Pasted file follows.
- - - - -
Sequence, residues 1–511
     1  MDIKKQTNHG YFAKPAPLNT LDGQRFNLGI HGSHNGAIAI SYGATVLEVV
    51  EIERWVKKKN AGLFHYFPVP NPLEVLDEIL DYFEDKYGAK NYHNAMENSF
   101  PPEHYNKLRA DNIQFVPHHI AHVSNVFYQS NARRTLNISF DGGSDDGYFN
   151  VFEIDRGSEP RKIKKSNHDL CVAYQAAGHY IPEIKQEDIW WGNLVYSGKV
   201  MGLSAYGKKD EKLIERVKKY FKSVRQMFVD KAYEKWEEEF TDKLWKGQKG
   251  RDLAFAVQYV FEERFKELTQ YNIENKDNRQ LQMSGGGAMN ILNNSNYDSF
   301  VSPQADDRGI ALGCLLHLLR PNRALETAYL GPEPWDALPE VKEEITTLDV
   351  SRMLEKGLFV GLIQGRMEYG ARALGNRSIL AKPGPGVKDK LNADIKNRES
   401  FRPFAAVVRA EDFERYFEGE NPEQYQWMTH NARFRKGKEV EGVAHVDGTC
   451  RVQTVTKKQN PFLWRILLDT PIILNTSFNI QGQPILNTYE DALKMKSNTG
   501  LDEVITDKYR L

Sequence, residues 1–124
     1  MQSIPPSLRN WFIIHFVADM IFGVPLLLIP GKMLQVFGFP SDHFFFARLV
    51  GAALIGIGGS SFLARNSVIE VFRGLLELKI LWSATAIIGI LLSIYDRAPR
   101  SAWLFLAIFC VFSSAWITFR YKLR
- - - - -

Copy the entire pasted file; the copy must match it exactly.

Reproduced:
Sequence, residues 1–511
     1  MDIKKQTNHG YFAKPAPLNT LDGQRFNLGI HGSHNGAIAI SYGATVLEVV
    51  EIERWVKKKN AGLFHYFPVP NPLEVLDEIL DYFEDKYGAK NYHNAMENSF
   101  PPEHYNKLRA DNIQFVPHHI AHVSNVFYQS NARRTLNISF DGGSDDGYFN
   151  VFEIDRGSEP RKIKKSNHDL CVAYQAAGHY IPEIKQEDIW WGNLVYSGKV
   201  MGLSAYGKKD EKLIERVKKY FKSVRQMFVD KAYEKWEEEF TDKLWKGQKG
   251  RDLAFAVQYV FEERFKELTQ YNIENKDNRQ LQMSGGGAMN ILNNSNYDSF
   301  VSPQADDRGI ALGCLLHLLR PNRALETAYL GPEPWDALPE VKEEITTLDV
   351  SRMLEKGLFV GLIQGRMEYG ARALGNRSIL AKPGPGVKDK LNADIKNRES
   401  FRPFAAVVRA EDFERYFEGE NPEQYQWMTH NARFRKGKEV EGVAHVDGTC
   451  RVQTVTKKQN PFLWRILLDT PIILNTSFNI QGQPILNTYE DALKMKSNTG
   501  LDEVITDKYR L

Sequence, residues 1–124
     1  MQSIPPSLRN WFIIHFVADM IFGVPLLLIP GKMLQVFGFP SDHFFFARLV
    51  GAALIGIGGS SFLARNSVIE VFRGLLELKI LWSATAIIGI LLSIYDRAPR
   101  SAWLFLAIFC VFSSAWITFR YKLR